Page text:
“Stop blocking judges for ideological reasons” (Jan. 21) contains much to recommend it. We all should agree that well-qualified judicial nominees, regardless of party affiliation, deserve full and fair consideration by the bodies charged with confirming their qualifications. The judge also correctly condemns the radical partisanship that last year saw Merrick Garland, a well-qualified Obama Supreme Court nominee, denied even a hearing by the Republican-controlled US Senate.
However, the depth of Orr’s convictions comes into question with his advocacy of Tom Farr, a longtime friend and “honorable person,” who has been nominated by President Trump to become a federal district judge for the Eastern District of North Carolina, a position for which, as Orr admits, President Obama put forward two nominees who were both denied confirmation hearings by the same Republican-controlled US Senate.
Where Orr gets it wrong is in not placing Farr’s nomination into the context of his party’s long-time strategy of “packing” courts at all levels with right-wing ideologues. In order to assure Trump Supreme Court nominee Neil Gorsuch’s elevation to the court (to what we might now term the “Merrick Garland seat”), US Senate Republicans changed the long-standing requirement of 60 “yes” votes for confirmation to a requirement of only a simple majority (51 votes). It should be noted that there were 52 Republican senators at the time of the eventual confirming vote.
With Neil Gorsuch’s usurpation of what was rightfully a Democratic appointee’s seat on the US Supreme Court, NC’s Republican legislature has been emboldened to “go over the head” of federal courts – most recently when a three-judge bipartisan panel ruled that NC’s congressional districts had been unconstitutionally gerrymandered – and petition a now clearly conservative-leaning Supreme Court that, in the Citizens United case, essentially ruled that companies are people and that dollars equal votes.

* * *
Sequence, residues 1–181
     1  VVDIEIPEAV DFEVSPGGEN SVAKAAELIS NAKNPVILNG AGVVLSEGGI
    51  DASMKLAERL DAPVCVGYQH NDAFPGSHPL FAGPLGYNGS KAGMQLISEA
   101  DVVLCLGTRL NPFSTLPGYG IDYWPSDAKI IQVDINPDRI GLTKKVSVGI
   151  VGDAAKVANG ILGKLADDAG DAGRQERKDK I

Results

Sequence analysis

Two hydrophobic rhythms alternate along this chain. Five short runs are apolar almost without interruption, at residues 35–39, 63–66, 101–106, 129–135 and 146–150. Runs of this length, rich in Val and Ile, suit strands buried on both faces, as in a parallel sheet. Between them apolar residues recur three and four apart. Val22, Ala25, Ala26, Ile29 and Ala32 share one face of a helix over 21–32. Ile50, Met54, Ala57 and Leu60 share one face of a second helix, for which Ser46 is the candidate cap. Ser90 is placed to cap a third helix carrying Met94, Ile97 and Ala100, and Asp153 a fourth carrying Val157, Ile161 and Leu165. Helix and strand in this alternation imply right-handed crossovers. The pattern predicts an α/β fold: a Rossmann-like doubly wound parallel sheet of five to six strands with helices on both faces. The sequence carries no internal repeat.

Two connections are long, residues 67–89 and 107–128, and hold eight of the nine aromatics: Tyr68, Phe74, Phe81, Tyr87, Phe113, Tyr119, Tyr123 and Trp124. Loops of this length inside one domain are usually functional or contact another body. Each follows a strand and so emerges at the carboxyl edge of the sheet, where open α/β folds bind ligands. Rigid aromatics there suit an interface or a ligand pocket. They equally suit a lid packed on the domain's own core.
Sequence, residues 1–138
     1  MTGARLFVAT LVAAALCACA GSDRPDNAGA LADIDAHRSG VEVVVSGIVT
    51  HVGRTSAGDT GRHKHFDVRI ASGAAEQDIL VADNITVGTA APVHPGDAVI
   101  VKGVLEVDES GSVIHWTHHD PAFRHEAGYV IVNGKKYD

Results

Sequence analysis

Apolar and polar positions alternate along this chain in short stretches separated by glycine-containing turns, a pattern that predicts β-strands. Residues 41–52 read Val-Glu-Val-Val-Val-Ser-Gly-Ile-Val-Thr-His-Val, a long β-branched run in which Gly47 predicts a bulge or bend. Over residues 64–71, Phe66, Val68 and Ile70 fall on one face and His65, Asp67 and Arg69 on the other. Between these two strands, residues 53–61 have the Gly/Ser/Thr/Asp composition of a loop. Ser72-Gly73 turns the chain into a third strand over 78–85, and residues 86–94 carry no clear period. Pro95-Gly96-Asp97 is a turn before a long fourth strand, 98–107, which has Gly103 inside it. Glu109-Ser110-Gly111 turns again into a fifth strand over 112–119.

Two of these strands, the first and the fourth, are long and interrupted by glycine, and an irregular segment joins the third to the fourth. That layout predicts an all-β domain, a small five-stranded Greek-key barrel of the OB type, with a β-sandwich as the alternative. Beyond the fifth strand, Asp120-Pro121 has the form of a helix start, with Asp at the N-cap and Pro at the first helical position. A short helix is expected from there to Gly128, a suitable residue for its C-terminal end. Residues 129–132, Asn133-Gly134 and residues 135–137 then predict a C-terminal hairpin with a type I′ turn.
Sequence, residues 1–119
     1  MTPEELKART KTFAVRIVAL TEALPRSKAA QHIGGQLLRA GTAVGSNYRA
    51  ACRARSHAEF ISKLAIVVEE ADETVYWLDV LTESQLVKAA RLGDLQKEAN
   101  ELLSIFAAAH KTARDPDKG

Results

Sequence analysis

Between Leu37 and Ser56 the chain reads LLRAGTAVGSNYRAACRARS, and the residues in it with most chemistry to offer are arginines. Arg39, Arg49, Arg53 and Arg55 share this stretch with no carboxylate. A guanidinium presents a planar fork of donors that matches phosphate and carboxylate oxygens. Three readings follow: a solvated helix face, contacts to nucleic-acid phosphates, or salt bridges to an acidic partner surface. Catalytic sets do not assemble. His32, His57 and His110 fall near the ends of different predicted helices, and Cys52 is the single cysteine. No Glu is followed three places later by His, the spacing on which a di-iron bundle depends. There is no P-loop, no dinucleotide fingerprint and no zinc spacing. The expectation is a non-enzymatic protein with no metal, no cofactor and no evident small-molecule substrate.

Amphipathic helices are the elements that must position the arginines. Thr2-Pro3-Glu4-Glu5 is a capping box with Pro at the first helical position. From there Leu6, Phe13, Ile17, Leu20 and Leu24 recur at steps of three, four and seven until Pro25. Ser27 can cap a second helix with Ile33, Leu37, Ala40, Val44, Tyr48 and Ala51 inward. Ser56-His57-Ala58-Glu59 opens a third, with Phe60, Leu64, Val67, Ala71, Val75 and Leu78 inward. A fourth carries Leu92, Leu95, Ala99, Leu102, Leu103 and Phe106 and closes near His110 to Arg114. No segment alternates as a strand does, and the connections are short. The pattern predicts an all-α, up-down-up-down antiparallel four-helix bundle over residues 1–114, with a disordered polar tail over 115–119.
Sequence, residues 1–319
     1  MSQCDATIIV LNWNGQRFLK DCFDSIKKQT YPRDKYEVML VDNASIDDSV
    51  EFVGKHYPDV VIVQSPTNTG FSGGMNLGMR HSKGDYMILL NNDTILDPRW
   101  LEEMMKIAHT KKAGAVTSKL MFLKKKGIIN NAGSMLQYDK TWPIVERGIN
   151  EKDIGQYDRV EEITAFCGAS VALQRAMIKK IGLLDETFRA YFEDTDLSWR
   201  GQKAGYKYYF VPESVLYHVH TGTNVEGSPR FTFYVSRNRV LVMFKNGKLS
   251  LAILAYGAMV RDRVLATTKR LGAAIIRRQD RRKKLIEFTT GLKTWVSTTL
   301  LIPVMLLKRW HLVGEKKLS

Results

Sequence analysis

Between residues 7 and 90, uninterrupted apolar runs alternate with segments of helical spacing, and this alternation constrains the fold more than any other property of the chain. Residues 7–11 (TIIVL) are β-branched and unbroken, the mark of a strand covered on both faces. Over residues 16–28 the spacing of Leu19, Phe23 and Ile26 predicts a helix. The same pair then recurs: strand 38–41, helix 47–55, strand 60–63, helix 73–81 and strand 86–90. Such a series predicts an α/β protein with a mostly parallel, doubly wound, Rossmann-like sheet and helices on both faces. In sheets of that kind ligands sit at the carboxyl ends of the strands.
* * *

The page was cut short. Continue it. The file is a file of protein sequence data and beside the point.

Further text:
Other examples of Republican court-packing? In 2016, the son of Republican Phil Berger, Speaker of the NC House of Representatives, announced his candidacy for a seat on the NC Court of Appeals. Shortly thereafter, Republicans introduced NC Senate Bill 667, and passed it along party lines. This bill requires that candidates be listed alphabetically on the ballot by last name rather than, as was previous law, the incumbent’s name’s being listed first. The outcome: Phil Berger, Jr. defeated incumbent and Democrat Linda Stephens by one-half of one percent of the vote.
We currently have Republicans advocating for making state judicial elections partisan; that is, listing each candidate’s party on the ballot. In the end, Judge Orr has advanced the easy side of the argument, easy because his party has already violated the norms to its advantage.
A Senate vote to approve the elevation Tom Farr to the federal bench will only increase this advantage. Were Orr really serious about a return to judicial fairness, he would, perhaps, have suggested that his party ask Gorsuch to resign from the Supreme Court, abide by the decisions of the current federal courts rather than attempting to continually undermine them, and, further, ask Tom Farr to remove his name from consideration for the open seat in the Eastern District of North Carolina.
J. Peder Zane’s column “Trump is achieving; don’t get in his way” (Jan. 31) claims we shouldn’t obstruct Trump’s progress. His claim that more drilling is needed ignores the fact that we already have plenty of shale oil, and are in fact negating Saudi Arabia’s efforts.
Waxing tough on immigration discourages talented immigrants and ruins our international image and influence while purportedly reducing immigrant crime rates that are in fact lower than our citizens’. Zane is correct in saying that the nuclear deal fails to discourage terrorism – it was never intended to do so. There’s virtue in getting what you can in a treaty rather than in failing when insisting on the unreachable.
Recognizing Jerusalem was some signature event – it ruined any chance, however small, of a peace treaty, and angered our non-Israeli allies. Trump has also fostered a great deal of doubt in our institutions by belittling them, flouting all norms and wandering erratically about the landscape. Trump lies, does not understand the constraints of democracy and encourages division, distrust and enmity.